Xi Jinping's anti-corruption campaign

PLA reshuffle strengthens Xi Jinping's hand in corruption fight

Two key 'princelings' are set for promotion as president targets corruption and aims to turn world's largest army into a battle-ready force

PUBLISHED : Monday, 22 September, 2014, 5:18am
UPDATED : Monday, 22 September, 2014, 7:22am

President Xi Jinping will promote two People's Liberation Army generals closely associated with him in a move to deepen the anti-corruption drive and speed up reform in the world's largest fighting force.

The generals have yet to be named, but sources said Liu Yuan, the political commissar of the PLA general logistics department, and Zhang Youxia, head of the general armaments department, both stood a good chance. At least one of them will be named vice-chairman of the Central Military Commission, which exercises command and control of the PLA, at a key Communist Party meeting next month, various sources said.

Three sources said that Liu may be tasked with heading the military's discipline commission.

Eventually both may join Xi, who is also the chairman of the CMC, to form a core leadership of the highest military command.

The CMC at present is led by Xi and two vice-chairmen - General Fan Changlong and General Xu Qiliang. Both were appointed in 2012. During the era of Jiang Zemin, the CMC had two to four career servicemen as vice-chairmen.

Both Liu and Zhang are so-called princelings - descendants of veteran Communist Party leaders and close associates of Xi. The proposal to promote them had been discussed several times at the PLA-run Jingxi Hotel in Beijing, the sources said.

"Liu is a top candidate because he is at the heart of the anti-corruption drive in the military. Zhang is also in the running because of his combat experience," one retired military official said.

Liu is the son of Liu Shaoqi, the former president who was later purged by Mao Zedong. He is said to be the man behind the downfall of Gu Junshan, the corrupt former lieutenant general and deputy logistics chief .

Zhang is the son of General Zhang Zongxun, a senior Red Army commander who fought in the civil war and Sino-Japanese war. Zhang is among a handful of serving generals with war experience, having served with distinction in the Sino-Vietnamese border wars in the 1970s and '80s.

"This is the time when Xi needs his own people in the military," another source said.

Xi's tenacious anti-graft campaign has spread to the PLA, whose credibility and fighting capacity have been greatly eroded by rampant corruption. Beginning with the dismissal and eventual court-martial of Gu, the campaign has claimed the scalp of Xu Caihou - the retired vice-chairman of the CMC, the highest-ranking military official probed for corruption since the Deng Xiaoping era.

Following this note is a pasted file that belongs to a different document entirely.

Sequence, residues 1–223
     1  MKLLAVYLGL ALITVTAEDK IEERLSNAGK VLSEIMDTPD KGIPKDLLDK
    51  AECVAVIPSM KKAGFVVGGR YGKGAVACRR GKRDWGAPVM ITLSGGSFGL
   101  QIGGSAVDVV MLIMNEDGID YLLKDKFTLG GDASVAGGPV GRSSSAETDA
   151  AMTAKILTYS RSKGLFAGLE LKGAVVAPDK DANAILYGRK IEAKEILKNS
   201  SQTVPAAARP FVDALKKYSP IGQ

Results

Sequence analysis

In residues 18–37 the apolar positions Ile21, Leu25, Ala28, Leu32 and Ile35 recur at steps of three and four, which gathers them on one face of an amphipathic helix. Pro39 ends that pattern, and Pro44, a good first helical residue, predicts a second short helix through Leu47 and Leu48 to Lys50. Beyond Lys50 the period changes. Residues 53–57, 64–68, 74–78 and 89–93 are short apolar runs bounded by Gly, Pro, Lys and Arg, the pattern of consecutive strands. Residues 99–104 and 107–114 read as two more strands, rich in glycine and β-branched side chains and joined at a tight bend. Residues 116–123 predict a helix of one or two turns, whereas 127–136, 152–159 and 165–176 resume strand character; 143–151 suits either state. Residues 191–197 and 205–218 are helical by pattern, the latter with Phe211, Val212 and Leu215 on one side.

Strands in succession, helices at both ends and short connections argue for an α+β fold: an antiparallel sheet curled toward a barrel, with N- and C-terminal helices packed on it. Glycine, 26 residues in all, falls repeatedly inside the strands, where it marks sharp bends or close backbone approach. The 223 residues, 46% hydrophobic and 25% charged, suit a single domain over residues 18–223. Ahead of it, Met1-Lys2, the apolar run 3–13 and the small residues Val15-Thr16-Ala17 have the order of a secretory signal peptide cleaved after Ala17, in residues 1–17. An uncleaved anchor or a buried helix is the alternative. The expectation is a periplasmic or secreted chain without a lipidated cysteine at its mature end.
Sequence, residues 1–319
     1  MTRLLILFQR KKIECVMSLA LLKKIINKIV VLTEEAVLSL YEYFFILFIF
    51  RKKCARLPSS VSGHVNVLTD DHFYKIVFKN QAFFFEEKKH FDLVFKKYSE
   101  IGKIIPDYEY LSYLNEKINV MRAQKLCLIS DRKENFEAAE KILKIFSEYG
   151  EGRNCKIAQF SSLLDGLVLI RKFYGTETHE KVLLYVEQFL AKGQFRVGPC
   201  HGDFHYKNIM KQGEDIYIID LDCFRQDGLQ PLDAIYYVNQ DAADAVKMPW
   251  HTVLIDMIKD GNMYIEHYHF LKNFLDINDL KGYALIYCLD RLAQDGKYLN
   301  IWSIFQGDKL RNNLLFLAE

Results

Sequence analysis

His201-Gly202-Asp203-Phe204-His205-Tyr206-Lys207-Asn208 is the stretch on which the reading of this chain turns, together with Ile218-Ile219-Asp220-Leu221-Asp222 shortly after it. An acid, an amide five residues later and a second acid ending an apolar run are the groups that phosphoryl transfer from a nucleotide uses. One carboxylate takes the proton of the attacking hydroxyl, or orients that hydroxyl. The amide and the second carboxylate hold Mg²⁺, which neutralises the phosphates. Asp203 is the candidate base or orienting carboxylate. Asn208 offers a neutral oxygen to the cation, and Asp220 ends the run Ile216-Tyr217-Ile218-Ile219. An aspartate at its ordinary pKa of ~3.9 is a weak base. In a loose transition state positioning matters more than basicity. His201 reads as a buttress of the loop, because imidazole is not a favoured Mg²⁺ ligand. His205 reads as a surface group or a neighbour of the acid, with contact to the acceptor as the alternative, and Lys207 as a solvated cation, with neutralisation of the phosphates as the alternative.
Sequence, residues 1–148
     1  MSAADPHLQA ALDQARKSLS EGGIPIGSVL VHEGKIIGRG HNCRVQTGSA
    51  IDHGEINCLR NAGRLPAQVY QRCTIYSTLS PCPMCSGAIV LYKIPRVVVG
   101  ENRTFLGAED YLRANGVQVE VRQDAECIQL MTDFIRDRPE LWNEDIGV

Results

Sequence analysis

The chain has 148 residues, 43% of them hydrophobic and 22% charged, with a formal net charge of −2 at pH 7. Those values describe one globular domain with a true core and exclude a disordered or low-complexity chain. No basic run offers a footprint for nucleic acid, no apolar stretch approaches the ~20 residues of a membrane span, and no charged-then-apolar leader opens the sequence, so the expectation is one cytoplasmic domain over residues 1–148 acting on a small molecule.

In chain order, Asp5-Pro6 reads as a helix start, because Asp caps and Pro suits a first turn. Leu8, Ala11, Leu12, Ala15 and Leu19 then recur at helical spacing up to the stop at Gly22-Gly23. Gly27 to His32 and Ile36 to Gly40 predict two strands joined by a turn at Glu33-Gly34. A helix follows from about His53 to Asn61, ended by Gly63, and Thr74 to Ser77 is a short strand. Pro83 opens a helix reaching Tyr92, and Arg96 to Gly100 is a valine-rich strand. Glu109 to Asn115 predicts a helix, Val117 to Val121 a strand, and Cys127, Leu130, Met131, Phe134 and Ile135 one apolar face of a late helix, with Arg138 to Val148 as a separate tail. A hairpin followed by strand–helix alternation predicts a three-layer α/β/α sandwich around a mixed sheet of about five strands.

Part of the reshuffle is also to rejuvenate and reform the world's largest military. Despite double-digit budget growth, the discipline and fighting capabilities of the PLA have been questioned by overseas observers.

The PLA has not fought a war since the conflict with Vietnam in the 1980s and its reputation has been tainted by corruption and a lack of vigorous training. Since Xi took power in 2012, he has stressed the importance of maintaining a combat-ready army.

"Internally, Xi has strongly condemned those who have betrayed the dignity of the PLA," said Ni Lexiong , a specialist in military and diplomatic affairs based in Shanghai. "They haven't fought for this country and they're just profiting from the efforts of revolutionaries. Externally, Xi wants the army to be able to fight, and fight to win."

Under Xi, battle experience is regarded as an important criteria for promotion. Zhang earned his spurs as a company captain in the Sino-Vietnamese war in 1979 and was promoted to deputy battalion commander because of his performance. He fought in the border war with Vietnam in 1984 and led as a regimental commander. Zhang's success in that campaign boosted his reputation as a battle-hardened officer.

Zhang also enjoys a close family connection to Xi. Both their fathers were leaders in the First Field Army during the civil war. Zhang's father was a deputy commander, while Xi Zhongxun was the deputy political commissar.

"Zhang has military credentials, as a princeling general and someone with real combat experience," said Bo Zhiyue, a senior research fellow at the National University of Singapore's East Asian Institute. "Liu doesn't have this record, so he cannot be singled out as a prospect for promotion on his own."

According to several sources, including foreign diplomats and retired senior officials, many generals have been implicated by Xi's anti-corruption drive.

"Xi is making moves against many powerful families and factions, so of course he wants to have complete command of the guns as he heads into this uncharted territory," the second source said.

Xi is poised to streamline and consolidate the CMC.

As many as six positions on the CMC could be reshuffled, the sources said; those born before 1950 would be weeded out.

"The larger the scale of the reshuffle, the easier it will be," Bo said. "Xi can say, 'If we fight a real war in the future, we need younger people who are more loyal to the party'. It's easier than reshuffling individuals, which is more personal and controversial."